By Alexa Solis
A modest two-story brick building stands on the corner of 10th and Ralston Streets. Yellow signage surrounds the front of the building indicating that this piece of history is none other than Pub n’ Sub. A friendly looking wolf wearing University of Nevada, Reno gear indulges in a frothy pint of beer on the iconic sign hanging above the bright green door. The restaurant is a proud university-centric establishment.
The building hasn’t changed much since its creation in 1947. Originally a grocery store owned by two World War II veterans who were also brothers, the property was snapped up by a young Steve Mathers in the early ‘70s. Mathers, a recent UNR grad at the time, opened his restaurant on Friday, Dec. 13, 1974.
“I would’ve liked to open a day earlier, but unfortunately wasn’t able to do that,” Mathers said.
However, the Friday the 13th opening was not a bad omen, but instead it was a lucky occurrence, according to the short history Mathers has written on the restaurant’s website.
Pub n’ Sub began its journey selling simply beer, wine and sandwiches to students at the university. There wasn’t even a kitchen in the earliest days of the restaurant. Instead there were two pool tables and two foosball tables for patrons to entertain themselves while they ate and drank.
“We look at [the restaurant] as a place where people can meet and have a good time and enjoy each other’s company as well as my staff’s company also,” Mathers said. “Yeah, it may be noisy but people are here to have a good time.”
After the pub had been around for about 10 years, Mathers decided that it was time for a kitchen and a more expansive menu. Mathers began selling items such as fettuccini alfredo and marsala mushrooms, but the items were a bit too high end for college students at the time, according to Mathers.
With his patrons in mind, Mathers then made the switch to bar and finger foods. As Mathers reminisced about the early days of the restaurant, he looked over excitedly and mentioned that the restaurant was one of the first to offer chicken wings. A few years down the line they began making their iconic pizzas.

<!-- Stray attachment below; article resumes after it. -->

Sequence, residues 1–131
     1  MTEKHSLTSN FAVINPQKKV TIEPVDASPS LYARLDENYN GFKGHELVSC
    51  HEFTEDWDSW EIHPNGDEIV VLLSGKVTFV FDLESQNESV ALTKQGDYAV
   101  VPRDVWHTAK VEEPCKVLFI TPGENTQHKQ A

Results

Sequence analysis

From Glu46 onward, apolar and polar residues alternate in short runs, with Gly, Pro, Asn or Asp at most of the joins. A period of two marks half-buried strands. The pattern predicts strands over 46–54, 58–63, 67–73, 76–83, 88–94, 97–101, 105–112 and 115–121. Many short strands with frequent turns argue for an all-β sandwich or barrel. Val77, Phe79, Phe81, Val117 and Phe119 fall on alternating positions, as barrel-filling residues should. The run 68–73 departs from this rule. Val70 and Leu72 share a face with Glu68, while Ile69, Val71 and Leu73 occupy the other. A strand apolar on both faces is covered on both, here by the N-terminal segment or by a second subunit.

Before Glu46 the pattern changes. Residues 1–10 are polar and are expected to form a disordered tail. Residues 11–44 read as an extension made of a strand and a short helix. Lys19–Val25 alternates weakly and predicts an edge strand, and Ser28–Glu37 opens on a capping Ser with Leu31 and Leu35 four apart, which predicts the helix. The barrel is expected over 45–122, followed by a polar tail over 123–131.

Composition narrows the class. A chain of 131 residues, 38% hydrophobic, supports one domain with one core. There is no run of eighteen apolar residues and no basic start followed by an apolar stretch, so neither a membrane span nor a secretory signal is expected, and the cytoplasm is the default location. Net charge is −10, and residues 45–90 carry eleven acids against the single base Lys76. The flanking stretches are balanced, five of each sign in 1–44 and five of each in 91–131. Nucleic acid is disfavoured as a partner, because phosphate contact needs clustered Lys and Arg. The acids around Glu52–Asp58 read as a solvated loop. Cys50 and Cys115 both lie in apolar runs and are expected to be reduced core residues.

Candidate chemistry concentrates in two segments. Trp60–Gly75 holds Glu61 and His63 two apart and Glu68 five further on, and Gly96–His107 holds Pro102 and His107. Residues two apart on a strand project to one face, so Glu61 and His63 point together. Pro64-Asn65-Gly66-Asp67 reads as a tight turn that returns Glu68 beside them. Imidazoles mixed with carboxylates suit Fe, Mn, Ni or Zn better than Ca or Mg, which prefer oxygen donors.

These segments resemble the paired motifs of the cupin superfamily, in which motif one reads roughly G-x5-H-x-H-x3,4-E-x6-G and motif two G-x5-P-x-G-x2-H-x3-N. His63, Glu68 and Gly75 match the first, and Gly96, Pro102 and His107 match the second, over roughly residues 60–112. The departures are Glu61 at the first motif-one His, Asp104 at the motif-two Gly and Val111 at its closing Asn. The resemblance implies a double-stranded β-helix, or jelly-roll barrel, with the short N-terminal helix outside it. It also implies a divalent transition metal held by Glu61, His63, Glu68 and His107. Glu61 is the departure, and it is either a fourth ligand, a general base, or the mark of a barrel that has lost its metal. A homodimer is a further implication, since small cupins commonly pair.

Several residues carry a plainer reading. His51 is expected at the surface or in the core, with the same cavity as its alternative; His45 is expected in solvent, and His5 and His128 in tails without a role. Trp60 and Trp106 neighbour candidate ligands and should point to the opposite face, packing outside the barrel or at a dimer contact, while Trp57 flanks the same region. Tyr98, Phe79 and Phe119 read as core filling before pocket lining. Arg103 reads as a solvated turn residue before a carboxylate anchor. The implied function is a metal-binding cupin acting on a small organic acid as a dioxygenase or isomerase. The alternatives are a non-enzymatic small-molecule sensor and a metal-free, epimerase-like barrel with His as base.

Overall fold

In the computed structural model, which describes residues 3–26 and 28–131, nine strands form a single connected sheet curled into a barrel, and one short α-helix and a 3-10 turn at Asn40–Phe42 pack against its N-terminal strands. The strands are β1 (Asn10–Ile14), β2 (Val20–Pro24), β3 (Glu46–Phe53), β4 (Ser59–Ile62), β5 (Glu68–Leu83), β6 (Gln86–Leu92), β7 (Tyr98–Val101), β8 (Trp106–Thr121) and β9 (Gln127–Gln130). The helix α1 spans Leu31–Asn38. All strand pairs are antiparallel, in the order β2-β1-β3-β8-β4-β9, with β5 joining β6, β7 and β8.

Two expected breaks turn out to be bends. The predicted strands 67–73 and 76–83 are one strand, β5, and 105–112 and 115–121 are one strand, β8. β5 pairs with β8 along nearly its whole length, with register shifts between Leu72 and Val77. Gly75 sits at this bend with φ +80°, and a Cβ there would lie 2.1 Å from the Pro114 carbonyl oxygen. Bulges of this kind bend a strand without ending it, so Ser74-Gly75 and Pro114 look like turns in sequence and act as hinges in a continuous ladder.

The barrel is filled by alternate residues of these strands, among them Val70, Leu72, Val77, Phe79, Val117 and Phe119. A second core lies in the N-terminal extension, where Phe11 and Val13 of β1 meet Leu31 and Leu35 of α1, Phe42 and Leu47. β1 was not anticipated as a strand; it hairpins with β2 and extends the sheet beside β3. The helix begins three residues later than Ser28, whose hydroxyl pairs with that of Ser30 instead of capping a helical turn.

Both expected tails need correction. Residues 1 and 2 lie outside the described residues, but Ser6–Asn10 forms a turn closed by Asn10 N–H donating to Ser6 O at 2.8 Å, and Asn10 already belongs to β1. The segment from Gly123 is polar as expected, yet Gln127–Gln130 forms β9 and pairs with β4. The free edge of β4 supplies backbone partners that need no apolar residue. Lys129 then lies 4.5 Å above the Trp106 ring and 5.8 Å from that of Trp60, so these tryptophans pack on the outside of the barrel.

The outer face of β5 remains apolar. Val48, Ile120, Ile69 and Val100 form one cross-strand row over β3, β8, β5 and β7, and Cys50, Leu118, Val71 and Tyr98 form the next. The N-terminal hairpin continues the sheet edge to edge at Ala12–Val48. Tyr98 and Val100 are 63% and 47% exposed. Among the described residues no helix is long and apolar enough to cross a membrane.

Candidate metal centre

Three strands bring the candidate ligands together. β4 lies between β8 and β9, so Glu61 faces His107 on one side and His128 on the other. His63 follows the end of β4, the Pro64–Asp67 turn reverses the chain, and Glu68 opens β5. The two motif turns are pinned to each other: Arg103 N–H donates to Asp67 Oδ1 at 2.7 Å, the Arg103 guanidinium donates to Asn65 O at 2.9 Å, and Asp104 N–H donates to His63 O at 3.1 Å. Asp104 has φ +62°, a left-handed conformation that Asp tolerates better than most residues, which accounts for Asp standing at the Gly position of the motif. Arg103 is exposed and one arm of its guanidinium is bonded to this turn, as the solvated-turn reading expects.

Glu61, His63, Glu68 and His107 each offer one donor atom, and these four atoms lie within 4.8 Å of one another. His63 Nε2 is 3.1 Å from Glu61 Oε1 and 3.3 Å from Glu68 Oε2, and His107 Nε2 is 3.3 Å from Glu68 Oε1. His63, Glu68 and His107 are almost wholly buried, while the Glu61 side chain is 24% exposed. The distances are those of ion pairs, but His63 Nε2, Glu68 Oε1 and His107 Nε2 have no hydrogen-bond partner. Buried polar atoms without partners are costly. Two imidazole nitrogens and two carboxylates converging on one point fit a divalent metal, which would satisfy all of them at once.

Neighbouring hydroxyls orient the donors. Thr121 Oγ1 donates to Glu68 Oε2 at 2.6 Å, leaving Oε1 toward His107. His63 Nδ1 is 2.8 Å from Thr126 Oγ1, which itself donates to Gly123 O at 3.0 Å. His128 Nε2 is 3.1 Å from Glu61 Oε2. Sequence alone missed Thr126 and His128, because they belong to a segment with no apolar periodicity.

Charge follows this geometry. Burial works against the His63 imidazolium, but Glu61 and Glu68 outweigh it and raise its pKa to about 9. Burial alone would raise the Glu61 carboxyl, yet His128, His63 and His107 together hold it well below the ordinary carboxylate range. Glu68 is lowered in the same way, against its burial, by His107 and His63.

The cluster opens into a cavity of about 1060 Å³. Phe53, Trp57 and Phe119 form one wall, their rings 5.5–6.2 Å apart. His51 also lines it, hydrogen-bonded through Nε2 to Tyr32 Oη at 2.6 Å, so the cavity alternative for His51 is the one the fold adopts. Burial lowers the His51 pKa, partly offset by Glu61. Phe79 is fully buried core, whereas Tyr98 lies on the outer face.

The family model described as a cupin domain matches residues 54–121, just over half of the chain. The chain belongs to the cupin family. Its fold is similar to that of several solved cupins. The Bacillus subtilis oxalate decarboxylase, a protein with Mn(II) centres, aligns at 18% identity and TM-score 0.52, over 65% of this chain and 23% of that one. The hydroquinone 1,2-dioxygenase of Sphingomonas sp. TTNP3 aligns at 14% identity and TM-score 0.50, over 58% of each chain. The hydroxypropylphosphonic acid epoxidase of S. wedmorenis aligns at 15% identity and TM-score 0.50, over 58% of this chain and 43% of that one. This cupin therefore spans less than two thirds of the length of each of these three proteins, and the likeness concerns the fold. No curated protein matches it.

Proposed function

Now, on any given day there are likely to be people of all ages talking, laughing and indulging in the pizza and bar food that the restaurant is known for. No longer strictly a college hangout, the restaurant has created a rapport with generations of longtime patrons.
Only a couple of weeks ago, Mathers witnessed a grandfather, son and grandson standing at the counter of his restaurant together. The grandfather, a university alumnus, has been bringing his family around the restaurant since he was a graduate student, according to Mathers.
“That was pretty exciting for me to see three generations at the same time,” Mathers said. “We’re a family-run business with a couple of generations here already.”
Restaurant employee Derrick Lynch noted that the multi-generational crowd of loyal patrons is a unique part of working at the pub. The restaurant is not only run by Mathers and now his two sons, but the community around it has developed a strong attachment to the restaurant.
“The pub’s been open for 40 years now, so you see a lot of generations that this was their hangout,” Lynch said. “There [are] new generations coming in all the time. I’ve never seen anything like it before.”
Mathers prides himself on the generational span and loyalty that he has fostered among his customers, noting with pride that it is no longer just a university hangout. Instead, it has become a place where people of all ages come to experience the history of the establishment, Mathers said.
Even with the connections the restaurant has to the university, Mathers is quick to note that he and his staff work hard to bring a quality product to restaurant goers. According to Mathers, all of the products used to make their items, from scratch, are as fresh as possible.
The historical richness of the neighborhood west of UNR is something that Mathers not only enjoys, but works with other community members to maintain with everything from sitting on the neighborhood advisory council to organizing a neighborhood clean up and providing free pizza for the event. Mathers and Pub ‘n Sub itself have become a major part of the community during its 40 year history.
“I really ever envisioned that [Pub ‘n Sub would become such a big part of the community],” Mathers said. “I thought it would be pretty popular with students. I don’t think I ever thought that it would have this kind of longevity, and I don’t think I ever thought that it would have affected as many people’s lives as it has. I suspect that’s probably part of the reason why I still enjoy working here.”
Alexa Solis can be reached at email@example.com and on Twitter @thealexasolis.